Prof Bushra Jamil
Covid-19 pandemic has presented a number of challenges to mankind and will not end with the virus disappearing from the face of the earth. It is now widely believed that world-wide, enough people will gain immune protection from vaccination and from natural infection leading to less transmission and much less Covid-19-related hospitalizations and death, even as the virus continues to circulate, as endemic.
According to Tedros Adhanom Ghebreyesus of World Health Organization, the acute phase of the pandemic may end by mid-2022, if about 70 percent of the world gets vaccinated, highlighting the importance of vaccine-induced immunity as the single most important factor in ending the pandemic.
However, varying levels of interventions and unpredictable emergence of Variants of Concern (VOC) in addition to population and environment-related factors, periodic increases in cases to outbreak or epidemic, well beyond the endemic levels, are likely to occur.
Vaccines are among the most effective interventions in modern medicine and save millions of lives each year. Ever since Edward Jenner’s first use of a vaccine against smallpox in 1796, the use of vaccines has become indispensable to the eradication of infectious diseases.
Vaccines work by training and preparing the body’s natural defenses and the immune system to recognize and fight off the viruses and bacteria they target. After vaccination, if the body is later exposed to those disease-causing germs, the body is immediately ready to destroy them, thus preventing illness. Vaccines represent the least expensive and most simple way to protect against devastating epidemics and have played a pivotal role in combating the Covid-19 pandemic.
Currently, re-exposure and evolution of new variants is driving the pandemic. Covid-19 vaccines may not prevent infection after exposure to SARS CoV-2. The main benefits of these vaccines include prevention of symptomatic infection and development of serious disease requiring hospitalization and death from Covid-19. Prevention of severe symptomatic disease indirectly leads to economic benefits as well, by preventing hospitalizations, decreasing burden on health systems, avoiding long-term disability, and reducing absence from work.
Pakistan’s Covid-19 control strategy has been lauded by international organizations including the WHO. The effective vaccination plan, tailored to local needs (like other non-pharmacological interventions) was successful in containment of disease. Seven different types of vaccines were rolled out in phases for healthcare workers, elderly, immunosuppressed (high risk groups) and general population. All vaccines were found to be effective with negligible adverse events. Vaccinated individuals were noted to be 7 times less likely to develop severe symptomatic disease requiring hospitalization.
Immunity to SARS CoV-2 wanes over time and breakthrough infections have been reported in persons who have completed a primary vaccination series. A subsequent additional dose of the vaccine (i.e. a booster dose) has been shown to restore vaccine effectiveness against infection and severe/critical disease. First booster dose is now recommended 5 months after the primary series and second booster dose may be administered 4 months after the first booster dose.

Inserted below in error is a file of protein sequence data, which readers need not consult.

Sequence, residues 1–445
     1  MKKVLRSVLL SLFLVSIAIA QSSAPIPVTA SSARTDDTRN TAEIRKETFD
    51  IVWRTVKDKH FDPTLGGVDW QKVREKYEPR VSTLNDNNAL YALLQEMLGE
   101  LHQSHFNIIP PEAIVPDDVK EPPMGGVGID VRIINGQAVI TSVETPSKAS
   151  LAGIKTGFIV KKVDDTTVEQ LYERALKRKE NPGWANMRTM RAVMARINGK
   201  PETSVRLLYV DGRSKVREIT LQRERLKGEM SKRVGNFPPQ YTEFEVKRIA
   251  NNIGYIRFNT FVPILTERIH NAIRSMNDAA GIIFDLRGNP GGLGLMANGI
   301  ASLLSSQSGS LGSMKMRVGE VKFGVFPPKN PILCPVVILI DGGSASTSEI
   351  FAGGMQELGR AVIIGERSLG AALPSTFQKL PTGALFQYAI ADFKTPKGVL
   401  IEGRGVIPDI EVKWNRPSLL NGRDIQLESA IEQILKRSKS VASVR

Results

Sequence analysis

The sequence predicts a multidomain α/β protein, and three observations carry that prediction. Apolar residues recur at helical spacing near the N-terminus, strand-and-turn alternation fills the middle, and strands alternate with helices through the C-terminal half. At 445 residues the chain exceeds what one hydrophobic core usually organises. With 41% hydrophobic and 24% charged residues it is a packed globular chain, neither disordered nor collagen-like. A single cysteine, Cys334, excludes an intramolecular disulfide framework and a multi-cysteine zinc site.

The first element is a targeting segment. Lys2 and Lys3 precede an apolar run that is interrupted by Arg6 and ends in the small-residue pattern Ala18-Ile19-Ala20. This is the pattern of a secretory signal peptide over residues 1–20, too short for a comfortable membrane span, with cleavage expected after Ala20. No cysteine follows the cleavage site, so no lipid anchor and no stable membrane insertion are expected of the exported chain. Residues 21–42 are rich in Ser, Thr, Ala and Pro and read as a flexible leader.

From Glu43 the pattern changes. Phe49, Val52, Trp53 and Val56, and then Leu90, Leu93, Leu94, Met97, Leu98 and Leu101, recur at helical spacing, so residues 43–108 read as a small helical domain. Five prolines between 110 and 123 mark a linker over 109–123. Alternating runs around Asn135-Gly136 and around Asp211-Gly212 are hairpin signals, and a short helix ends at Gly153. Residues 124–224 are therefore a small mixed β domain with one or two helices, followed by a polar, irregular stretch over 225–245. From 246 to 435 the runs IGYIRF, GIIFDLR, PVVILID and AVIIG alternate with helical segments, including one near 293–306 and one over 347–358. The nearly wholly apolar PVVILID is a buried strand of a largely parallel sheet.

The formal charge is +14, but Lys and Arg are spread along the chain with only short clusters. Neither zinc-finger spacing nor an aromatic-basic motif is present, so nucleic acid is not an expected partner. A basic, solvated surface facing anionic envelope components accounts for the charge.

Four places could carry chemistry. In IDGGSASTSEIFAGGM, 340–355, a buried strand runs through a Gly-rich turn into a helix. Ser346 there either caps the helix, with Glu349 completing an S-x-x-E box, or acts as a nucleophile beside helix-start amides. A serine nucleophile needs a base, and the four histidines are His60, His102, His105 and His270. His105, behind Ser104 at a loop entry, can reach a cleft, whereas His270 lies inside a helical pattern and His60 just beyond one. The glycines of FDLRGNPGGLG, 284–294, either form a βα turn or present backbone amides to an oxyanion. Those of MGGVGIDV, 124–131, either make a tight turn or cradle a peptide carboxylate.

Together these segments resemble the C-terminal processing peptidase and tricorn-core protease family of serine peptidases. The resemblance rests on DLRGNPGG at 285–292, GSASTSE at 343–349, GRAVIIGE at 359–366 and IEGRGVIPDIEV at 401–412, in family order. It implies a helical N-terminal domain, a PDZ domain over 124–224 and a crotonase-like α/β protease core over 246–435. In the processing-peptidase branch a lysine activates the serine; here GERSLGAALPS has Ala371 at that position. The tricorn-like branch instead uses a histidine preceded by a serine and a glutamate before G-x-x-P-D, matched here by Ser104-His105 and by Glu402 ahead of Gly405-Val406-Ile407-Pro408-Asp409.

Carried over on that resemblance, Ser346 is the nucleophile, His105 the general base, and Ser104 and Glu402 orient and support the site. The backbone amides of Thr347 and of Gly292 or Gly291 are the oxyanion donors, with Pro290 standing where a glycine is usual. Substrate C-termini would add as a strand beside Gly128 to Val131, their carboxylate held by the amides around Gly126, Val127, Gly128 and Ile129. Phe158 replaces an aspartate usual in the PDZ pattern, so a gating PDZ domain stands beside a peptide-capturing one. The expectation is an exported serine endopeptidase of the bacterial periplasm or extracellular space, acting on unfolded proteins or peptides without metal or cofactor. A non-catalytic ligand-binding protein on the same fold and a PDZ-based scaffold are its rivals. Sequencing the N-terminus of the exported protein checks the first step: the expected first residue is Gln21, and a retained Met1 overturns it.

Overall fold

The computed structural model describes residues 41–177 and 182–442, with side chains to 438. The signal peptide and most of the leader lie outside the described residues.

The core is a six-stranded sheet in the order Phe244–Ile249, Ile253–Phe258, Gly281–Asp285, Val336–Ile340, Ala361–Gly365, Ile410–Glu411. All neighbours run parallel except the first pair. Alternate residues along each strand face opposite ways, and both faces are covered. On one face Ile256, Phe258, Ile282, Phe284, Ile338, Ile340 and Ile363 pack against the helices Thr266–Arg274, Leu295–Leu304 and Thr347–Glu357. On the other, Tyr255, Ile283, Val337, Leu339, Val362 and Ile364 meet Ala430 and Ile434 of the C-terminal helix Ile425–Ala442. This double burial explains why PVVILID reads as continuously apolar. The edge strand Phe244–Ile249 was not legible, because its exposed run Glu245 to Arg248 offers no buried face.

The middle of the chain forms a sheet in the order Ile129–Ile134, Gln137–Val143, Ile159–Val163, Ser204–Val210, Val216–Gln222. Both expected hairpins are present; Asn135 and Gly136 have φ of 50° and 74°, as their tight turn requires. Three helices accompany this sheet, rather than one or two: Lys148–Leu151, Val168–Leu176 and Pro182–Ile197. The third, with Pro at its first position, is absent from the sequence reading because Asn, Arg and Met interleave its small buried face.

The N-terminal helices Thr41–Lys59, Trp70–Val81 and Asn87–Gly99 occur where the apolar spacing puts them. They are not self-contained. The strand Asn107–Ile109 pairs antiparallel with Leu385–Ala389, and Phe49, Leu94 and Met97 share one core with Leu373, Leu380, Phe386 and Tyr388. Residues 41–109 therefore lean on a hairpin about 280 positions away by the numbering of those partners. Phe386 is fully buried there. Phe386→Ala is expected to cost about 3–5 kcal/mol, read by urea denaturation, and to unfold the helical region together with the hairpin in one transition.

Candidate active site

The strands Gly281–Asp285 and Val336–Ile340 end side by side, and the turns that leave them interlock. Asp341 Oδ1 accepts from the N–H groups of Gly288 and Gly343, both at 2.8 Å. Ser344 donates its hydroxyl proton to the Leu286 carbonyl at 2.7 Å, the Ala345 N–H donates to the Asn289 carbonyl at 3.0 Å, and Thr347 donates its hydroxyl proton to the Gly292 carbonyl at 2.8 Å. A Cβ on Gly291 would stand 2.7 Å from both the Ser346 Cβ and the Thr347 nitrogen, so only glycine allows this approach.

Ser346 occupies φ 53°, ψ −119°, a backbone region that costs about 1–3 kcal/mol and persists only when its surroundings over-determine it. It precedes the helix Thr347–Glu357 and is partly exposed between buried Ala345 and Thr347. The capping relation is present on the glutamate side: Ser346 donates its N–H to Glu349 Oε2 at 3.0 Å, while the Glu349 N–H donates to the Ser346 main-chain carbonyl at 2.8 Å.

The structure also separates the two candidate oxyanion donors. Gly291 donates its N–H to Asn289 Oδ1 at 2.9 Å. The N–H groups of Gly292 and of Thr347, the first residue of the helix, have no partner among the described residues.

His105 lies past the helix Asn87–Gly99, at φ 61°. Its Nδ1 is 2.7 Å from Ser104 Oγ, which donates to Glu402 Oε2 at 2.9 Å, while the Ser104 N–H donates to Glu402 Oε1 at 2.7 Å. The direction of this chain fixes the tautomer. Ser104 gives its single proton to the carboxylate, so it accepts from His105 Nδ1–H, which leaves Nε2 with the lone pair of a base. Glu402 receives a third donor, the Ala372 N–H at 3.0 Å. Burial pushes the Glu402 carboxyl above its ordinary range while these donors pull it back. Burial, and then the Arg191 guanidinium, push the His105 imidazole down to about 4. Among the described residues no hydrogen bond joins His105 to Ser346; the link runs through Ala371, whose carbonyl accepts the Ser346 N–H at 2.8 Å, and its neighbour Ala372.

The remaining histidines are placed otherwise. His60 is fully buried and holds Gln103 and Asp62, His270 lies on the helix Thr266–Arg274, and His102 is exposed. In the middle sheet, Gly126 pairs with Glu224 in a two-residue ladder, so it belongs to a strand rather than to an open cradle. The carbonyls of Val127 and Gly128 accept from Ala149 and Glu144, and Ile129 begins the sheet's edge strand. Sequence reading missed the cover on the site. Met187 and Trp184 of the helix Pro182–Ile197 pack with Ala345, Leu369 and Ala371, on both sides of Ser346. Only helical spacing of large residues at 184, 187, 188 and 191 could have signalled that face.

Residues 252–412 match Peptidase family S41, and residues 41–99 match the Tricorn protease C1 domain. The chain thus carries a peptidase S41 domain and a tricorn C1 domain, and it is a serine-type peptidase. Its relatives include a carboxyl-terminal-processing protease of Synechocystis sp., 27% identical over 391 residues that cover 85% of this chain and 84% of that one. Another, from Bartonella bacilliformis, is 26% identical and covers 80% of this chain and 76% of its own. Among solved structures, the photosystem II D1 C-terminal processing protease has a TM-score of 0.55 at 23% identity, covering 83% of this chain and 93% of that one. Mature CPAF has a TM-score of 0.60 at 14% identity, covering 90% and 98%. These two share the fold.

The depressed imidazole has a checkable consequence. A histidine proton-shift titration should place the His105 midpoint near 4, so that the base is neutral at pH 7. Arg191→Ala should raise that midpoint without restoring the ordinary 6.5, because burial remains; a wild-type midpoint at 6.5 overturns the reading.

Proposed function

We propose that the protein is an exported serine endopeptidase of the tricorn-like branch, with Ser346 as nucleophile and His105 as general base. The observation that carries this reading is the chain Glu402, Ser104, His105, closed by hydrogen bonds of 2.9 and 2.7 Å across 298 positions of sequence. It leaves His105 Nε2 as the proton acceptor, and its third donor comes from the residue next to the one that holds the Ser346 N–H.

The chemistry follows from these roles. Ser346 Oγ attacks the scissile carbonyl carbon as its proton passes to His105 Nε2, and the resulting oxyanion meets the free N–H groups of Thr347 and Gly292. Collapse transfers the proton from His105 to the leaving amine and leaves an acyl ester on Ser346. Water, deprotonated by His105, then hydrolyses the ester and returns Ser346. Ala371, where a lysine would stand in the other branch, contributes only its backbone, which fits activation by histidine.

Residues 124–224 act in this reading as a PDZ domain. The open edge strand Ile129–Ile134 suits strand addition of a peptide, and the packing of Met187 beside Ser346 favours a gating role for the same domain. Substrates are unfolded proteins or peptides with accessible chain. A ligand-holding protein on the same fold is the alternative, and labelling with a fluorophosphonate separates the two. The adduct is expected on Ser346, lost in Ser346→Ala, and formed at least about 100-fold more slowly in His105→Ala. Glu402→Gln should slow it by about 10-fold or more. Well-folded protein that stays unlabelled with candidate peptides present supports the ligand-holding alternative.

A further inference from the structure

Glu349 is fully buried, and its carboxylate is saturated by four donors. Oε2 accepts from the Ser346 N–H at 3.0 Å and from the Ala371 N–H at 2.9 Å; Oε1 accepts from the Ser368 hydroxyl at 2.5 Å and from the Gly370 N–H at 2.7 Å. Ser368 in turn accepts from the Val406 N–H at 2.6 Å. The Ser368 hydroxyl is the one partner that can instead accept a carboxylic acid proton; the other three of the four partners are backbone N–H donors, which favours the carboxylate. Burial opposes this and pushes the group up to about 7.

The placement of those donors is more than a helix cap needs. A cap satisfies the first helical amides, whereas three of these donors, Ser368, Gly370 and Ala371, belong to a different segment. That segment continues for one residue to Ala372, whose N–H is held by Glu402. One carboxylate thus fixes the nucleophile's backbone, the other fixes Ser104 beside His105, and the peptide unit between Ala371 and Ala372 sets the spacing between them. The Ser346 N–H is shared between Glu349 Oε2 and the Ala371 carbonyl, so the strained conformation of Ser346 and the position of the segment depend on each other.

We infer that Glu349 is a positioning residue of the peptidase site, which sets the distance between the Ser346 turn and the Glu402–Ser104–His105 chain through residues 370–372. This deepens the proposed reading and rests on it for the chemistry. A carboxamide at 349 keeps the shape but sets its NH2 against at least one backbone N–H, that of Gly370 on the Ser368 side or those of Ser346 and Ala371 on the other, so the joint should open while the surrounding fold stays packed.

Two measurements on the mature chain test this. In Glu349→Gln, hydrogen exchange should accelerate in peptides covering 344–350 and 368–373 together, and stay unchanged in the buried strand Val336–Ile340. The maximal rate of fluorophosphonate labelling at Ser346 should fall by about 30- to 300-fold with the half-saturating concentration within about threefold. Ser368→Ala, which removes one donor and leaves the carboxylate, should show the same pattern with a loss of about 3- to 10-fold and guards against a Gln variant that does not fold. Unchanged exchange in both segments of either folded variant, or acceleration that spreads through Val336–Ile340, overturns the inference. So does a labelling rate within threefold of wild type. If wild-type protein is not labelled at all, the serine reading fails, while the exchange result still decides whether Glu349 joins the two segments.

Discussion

As countries transition over time to managing Covid -19 as an endemic disease, the world may reach a long-term state of disease prevention similar to that seen with the flu, with annual or twice yearly booster doses. In the short term, an accelerated rollout of booster doses of Covid -19 vaccines is likely to be one of the best protections against new VOC-fueled wave of the disease.
The pandemic to endemic transition would be complete when the overall Covid-19 disease rates become static — neither rising, nor falling. However, endemicity should not be considered a benign phenomenon. A disease can be endemic and yet be widespread and deadly. Endemicity does not imply that evolution has somehow tamed a pathogen so that life simply returns to ‘normal’. There can still be disruptive waves arising from endemic infections, as seen with other infectious diseases like measles.
Persistence of SARS-CoV-2 as an endemic virus, perhaps with seasonal epidemic peaks, may be fueled by pockets of susceptible individuals and waning immunity after infection or vaccination; emergence of VOCs that escape vaccine-induced immunity and re-entries from zoonotic reservoirs are factors which will impact long term behavior of the virus and its ongoing transmission in different populations.
In light of the extensive infection rate and the enormity of cases, hospitalization and severe illness, fourth dose of vaccination is being recommended for those aged 18 and older, those with pre-existing conditions and risk factors for severe Covid-19 illness, for their caregivers and for anyone else at high risk for exposure to a confirmed Covid-19 patient in their line of work. Studies show that those vaccinated with the fourth vaccine are twice as protected against infection than those vaccinated with three doses, and 3 to 5 times better protected from severe illness compared to those vaccinated with three doses.
Pakistan is currently offering first and second booster doses to eligible groups. Guidelines, policies and plans are being regularly reviewed and updated based on available international data to protect health of our people.
The author is consultant Infectious Diseases, at Aga Khan University and member NCOC, MINHSRC; PHEOC, NIH Islamabad